Freeport, The Bahamas

Reference work entry


Freeport is situated on Grand Bahama Island and is the second largest industrial city of the Bahamas. It is also the second most popular spot for visitors after Nassau. Encompassing an area of 596 km2, the city is a free trade zone.


Until the mid-twentieth century the area was covered in pine forest, swamp and scrub land, although there was a lumber industry. In the late 1940s an American financier, Wallace Groves, bought the Pine Ridge lumber business. This proved to be the making of the city. In 1955 Groves’ company, the Grand Bahama Port Authority, was granted 20,200 hectares of land to develop a free port and industrial centre.

Freeport’s first major economic activity was as a ship-bunkering terminal exporting oil. In 1961 a cement plant was built. In 1963 Groves’ negotiated the development of Lucaya as a beachside tourist resort. In 1963 the first hotel opened as well as a casino. Further businesses included a chemical factory and a bottling company.

For two decades Freeport was firmly in control of the Grand Bahama Port Authority company (GBPA), which controlled all aspects of the business, including the port traffic. When the new Progressive Liberal Party government began a ‘Bahamianisation’ programme in the early 1970s, its major target was to bring the Port Authority under government control and to restrict the influence of the GBPA. Even so, in the 1990s Freeport’s status as a free trade zone was extended until 2054.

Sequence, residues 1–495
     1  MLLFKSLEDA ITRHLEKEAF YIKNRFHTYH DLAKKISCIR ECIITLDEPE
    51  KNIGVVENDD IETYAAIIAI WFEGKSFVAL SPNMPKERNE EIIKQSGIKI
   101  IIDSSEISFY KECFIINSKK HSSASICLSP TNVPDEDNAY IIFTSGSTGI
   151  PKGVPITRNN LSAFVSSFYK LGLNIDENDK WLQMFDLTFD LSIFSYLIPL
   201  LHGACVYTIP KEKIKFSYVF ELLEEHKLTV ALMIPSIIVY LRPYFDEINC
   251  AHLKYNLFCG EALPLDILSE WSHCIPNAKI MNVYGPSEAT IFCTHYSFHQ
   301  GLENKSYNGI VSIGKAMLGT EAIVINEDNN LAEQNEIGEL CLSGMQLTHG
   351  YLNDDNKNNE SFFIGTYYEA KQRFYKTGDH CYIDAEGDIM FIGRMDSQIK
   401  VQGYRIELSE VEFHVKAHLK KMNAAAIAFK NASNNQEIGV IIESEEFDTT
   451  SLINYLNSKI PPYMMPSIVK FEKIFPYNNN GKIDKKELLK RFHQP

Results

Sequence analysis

Modern City

The man made port accommodates large vessels and the city has an international airport. Industries include oil refining, cement production and pharmaceuticals. Exports include agricultural produce and fish.

Places of Interest

Port Lucaya and marina area contains an International Bazaar designed to represent different countries. The Hydraflora Gardens contain an array of native plants.

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© Springer Nature Limited 2019

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